Formal channels of money transfer play a key role in maintaining smooth migration of people around the world. With the growth in migration over the years, there has been tremendous development of remittance services provided by non-banking financial institutions. Today, migrants have various options to send money to their friends and families back home. From cash transfers to mobile wallets, the remittance industry today, like any other industry, relies on innovation to provide maximum value to its customers.
Unlike many other industries, regulation plays a very significant part when it comes to operations and innovation in the remittance industry. In more ways than one, regulation is the backbone of remittances. Money transfer operators need to align their business to local laws and regulations of the regions that they operate in. Expanding or setting up shop in a new country could be a challenging task due to the country’s specific regulatory requirements.
Let’s look at a few Asian countries to understand how different countries vary in terms of local laws and regulations for setting up and running remittance and e-money operations.
- The Philippines
The Philippines has a rather open regulatory environment, when it comes to remittances. Non-banks can get a wallet license easily. All they must do is register themselves as a company in the business of e-money. They also allow non-banks to perform international remittances through mobile wallets.
Non-banks can offer remittances as well as mobile money services in this country. The minimum paid-up capital for remittance licensing is 2 million ringgits (Approx. USD 500,000)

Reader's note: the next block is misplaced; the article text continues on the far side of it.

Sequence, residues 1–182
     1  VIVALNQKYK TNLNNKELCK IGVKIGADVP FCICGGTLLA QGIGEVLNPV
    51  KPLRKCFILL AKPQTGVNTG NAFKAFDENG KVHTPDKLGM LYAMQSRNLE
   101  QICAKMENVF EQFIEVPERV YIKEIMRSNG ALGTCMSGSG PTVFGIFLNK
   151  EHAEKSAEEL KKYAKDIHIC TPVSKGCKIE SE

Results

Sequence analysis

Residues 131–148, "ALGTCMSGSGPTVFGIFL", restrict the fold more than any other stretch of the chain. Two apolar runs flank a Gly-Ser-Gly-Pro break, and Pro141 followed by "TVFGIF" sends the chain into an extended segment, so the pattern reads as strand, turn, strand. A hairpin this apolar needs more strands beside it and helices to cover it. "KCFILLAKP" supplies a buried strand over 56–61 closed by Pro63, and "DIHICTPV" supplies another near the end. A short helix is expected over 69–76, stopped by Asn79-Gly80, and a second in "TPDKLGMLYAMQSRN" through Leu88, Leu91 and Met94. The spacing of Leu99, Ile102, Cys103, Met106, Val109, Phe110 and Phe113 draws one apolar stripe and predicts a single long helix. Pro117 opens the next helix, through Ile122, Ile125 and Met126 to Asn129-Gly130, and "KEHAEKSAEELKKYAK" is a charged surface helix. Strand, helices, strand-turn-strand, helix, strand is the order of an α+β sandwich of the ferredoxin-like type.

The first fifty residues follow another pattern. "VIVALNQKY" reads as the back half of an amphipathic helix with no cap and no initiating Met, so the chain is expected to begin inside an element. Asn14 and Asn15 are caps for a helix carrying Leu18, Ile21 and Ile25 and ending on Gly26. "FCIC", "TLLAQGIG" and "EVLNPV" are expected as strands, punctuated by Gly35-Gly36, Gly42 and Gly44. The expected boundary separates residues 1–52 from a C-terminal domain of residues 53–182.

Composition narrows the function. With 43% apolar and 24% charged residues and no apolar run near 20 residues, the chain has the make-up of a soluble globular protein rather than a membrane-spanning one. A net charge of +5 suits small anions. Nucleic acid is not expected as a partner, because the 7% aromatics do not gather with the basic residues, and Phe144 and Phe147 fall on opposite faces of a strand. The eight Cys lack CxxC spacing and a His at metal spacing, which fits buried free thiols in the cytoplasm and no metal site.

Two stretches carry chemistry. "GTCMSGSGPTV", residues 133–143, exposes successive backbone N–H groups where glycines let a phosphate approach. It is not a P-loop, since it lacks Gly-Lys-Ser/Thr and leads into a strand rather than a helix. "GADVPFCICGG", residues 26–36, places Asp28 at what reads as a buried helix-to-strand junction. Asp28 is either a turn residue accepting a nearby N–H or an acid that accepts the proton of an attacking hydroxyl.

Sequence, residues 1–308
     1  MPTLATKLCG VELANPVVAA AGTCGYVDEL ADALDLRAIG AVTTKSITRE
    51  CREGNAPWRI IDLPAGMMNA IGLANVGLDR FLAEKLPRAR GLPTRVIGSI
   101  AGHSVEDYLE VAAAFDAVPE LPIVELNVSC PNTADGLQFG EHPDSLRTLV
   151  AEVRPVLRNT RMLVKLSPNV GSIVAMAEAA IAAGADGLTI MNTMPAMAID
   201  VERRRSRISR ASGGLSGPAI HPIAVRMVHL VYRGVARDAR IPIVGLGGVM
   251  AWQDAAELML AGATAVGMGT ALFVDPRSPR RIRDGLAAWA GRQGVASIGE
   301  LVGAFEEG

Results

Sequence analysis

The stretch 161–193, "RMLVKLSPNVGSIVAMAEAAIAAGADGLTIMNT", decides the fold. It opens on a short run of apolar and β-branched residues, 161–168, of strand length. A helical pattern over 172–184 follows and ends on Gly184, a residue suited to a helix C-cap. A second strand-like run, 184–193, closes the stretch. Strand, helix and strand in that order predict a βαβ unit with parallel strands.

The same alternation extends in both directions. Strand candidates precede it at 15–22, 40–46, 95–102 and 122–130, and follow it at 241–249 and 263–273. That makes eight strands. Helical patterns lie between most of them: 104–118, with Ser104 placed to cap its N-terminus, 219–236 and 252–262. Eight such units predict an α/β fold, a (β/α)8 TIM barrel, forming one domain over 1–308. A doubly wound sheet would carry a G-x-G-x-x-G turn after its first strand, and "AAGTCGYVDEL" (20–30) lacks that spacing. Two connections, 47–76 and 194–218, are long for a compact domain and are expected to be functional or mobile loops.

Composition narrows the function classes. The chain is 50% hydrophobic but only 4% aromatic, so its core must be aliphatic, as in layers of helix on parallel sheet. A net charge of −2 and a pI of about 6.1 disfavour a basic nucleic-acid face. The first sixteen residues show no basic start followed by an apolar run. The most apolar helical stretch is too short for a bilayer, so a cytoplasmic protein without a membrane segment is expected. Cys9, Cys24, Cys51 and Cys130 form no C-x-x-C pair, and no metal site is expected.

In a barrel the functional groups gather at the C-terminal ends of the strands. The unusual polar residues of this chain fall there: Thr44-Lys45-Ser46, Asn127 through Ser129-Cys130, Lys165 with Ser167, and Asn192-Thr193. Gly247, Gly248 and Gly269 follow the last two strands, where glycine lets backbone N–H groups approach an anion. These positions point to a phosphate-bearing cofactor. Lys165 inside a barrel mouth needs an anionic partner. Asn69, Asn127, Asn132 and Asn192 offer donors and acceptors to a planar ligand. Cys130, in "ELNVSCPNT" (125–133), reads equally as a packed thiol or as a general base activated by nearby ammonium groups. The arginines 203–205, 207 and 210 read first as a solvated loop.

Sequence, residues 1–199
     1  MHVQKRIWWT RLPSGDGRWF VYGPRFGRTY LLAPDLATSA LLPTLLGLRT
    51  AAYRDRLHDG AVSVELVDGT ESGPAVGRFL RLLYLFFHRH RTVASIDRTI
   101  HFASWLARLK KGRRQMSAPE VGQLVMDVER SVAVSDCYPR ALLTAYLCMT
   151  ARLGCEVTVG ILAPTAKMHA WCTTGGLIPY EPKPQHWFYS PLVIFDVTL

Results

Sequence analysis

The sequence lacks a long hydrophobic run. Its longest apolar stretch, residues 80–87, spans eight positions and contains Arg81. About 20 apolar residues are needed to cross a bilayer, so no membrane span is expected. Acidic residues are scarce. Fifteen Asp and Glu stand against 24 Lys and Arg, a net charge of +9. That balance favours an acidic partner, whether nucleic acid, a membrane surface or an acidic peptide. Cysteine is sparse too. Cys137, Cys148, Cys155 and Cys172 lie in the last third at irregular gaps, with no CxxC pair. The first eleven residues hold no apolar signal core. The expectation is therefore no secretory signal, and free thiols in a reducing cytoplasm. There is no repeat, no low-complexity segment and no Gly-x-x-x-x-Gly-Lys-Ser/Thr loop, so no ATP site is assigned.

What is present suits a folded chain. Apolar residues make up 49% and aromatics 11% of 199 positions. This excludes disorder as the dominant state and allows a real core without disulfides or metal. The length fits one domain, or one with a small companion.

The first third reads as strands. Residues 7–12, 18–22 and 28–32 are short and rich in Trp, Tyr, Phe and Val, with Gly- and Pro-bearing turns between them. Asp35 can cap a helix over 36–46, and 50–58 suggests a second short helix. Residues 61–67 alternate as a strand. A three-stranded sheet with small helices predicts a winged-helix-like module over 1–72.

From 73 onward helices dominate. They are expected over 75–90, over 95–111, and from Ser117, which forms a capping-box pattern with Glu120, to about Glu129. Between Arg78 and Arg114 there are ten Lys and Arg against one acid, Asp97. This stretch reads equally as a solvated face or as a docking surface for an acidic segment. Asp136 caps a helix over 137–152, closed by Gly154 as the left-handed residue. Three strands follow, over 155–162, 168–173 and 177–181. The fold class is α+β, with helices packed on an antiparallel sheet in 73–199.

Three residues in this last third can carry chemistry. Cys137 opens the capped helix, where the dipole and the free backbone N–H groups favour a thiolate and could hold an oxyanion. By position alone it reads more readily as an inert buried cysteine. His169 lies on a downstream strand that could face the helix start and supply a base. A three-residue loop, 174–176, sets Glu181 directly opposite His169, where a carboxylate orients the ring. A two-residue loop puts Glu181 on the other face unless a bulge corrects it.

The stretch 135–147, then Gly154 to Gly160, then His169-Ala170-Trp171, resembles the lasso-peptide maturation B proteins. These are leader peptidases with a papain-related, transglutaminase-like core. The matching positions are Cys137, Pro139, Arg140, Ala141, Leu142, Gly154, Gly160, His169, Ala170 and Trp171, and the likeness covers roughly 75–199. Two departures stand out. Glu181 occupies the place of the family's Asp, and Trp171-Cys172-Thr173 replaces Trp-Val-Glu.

This country’s regulatory environment is also quite comprehensive and open. Non-banks can easily get into the business of money transfer by registering as a local company. They also allow remittances through mobile wallets.
As per India’s Money Transfer Service Scheme (MTSS), Non-banks in India can offer remittance services. Although non-banks can launch mobile wallets in India, they are not allowed to perform international remittances through mobile without a banking partner.
Only banks can carry out international remittances and mobile money operations. Non-banks can only partner with banks for disbursement of remittances. However, banks can select network agents and no license is required for being an agent for a bank.
Non-banks with a paid-up capital of over AED 50 million (Approx. USD 13.6 million) can apply for a remittance license in the UAE. In a recent development, UAE’s Central Bank has also allowed a non-bank, UAE Exchange, to provide online money transfer services to its customers.
- KSA (Kingdom of Saudi Arabia)
Non-banks can apply for a remittance license in Saudi Arabia with a minimum paid-up capital of SAR 0.5 million (Approx. USD134,000). Only banks can carry out e-money services in the kingdom.
In China, remittance is a bank-driven industry. Non-banks can only act as overseas principals and need to partner with a bank for remittance disbursements. However, non-banks can get a license for e-money for P2P transfers through mobile.
While regulations are key to safeguarding the interest of migrants sending money and those receiving the funds; governments need to be proactive in the wake of recent technological trends that are reshaping the remittance landscape. Regulators need to accommodate this rapid transformation with timely amendments. Money Transfer operators, on the other hand, must not consider regulations as a challenge or roadblock, but a guiding light for their operations. Most importantly, both, MTOs and Regulatory bodies of different countries need to work hand-in-hand to usher in the future of money transfers.